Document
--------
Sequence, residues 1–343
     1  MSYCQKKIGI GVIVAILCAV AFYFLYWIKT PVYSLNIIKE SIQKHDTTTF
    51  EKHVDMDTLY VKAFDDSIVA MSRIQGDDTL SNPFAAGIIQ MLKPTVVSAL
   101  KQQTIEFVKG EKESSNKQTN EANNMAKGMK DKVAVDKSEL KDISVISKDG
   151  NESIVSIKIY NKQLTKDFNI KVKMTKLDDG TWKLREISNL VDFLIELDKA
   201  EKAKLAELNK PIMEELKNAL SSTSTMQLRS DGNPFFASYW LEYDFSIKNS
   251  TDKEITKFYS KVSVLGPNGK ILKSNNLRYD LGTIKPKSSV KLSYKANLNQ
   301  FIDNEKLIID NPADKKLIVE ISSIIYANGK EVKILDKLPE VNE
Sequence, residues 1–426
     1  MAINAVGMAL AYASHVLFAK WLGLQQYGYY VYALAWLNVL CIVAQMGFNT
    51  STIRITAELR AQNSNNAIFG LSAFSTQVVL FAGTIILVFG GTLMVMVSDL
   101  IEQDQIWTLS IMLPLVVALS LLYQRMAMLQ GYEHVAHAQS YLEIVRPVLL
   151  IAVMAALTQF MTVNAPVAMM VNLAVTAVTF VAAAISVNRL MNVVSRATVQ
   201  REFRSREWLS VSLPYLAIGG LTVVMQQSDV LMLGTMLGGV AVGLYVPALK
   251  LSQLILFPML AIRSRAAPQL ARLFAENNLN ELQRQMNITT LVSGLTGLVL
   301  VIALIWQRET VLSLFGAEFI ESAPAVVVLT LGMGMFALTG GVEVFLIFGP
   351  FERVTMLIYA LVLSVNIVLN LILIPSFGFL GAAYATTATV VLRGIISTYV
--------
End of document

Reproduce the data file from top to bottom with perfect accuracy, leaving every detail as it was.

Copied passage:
Sequence, residues 1–343
     1  MSYCQKKIGI GVIVAILCAV AFYFLYWIKT PVYSLNIIKE SIQKHDTTTF
    51  EKHVDMDTLY VKAFDDSIVA MSRIQGDDTL SNPFAAGIIQ MLKPTVVSAL
   101  KQQTIEFVKG EKESSNKQTN EANNMAKGMK DKVAVDKSEL KDISVISKDG
   151  NESIVSIKIY NKQLTKDFNI KVKMTKLDDG TWKLREISNL VDFLIELDKA
   201  EKAKLAELNK PIMEELKNAL SSTSTMQLRS DGNPFFASYW LEYDFSIKNS
   251  TDKEITKFYS KVSVLGPNGK ILKSNNLRYD LGTIKPKSSV KLSYKANLNQ
   301  FIDNEKLIID NPADKKLIVE ISSIIYANGK EVKILDKLPE VNE
Sequence, residues 1–426
     1  MAINAVGMAL AYASHVLFAK WLGLQQYGYY VYALAWLNVL CIVAQMGFNT
    51  STIRITAELR AQNSNNAIFG LSAFSTQVVL FAGTIILVFG GTLMVMVSDL
   101  IEQDQIWTLS IMLPLVVALS LLYQRMAMLQ GYEHVAHAQS YLEIVRPVLL
   151  IAVMAALTQF MTVNAPVAMM VNLAVTAVTF VAAAISVNRL MNVVSRATVQ
   201  REFRSREWLS VSLPYLAIGG LTVVMQQSDV LMLGTMLGGV AVGLYVPALK
   251  LSQLILFPML AIRSRAAPQL ARLFAENNLN ELQRQMNITT LVSGLTGLVL
   301  VIALIWQRET VLSLFGAEFI ESAPAVVVLT LGMGMFALTG GVEVFLIFGP
   351  FERVTMLIYA LVLSVNIVLN LILIPSFGFL GAAYATTATV VLRGIISTYV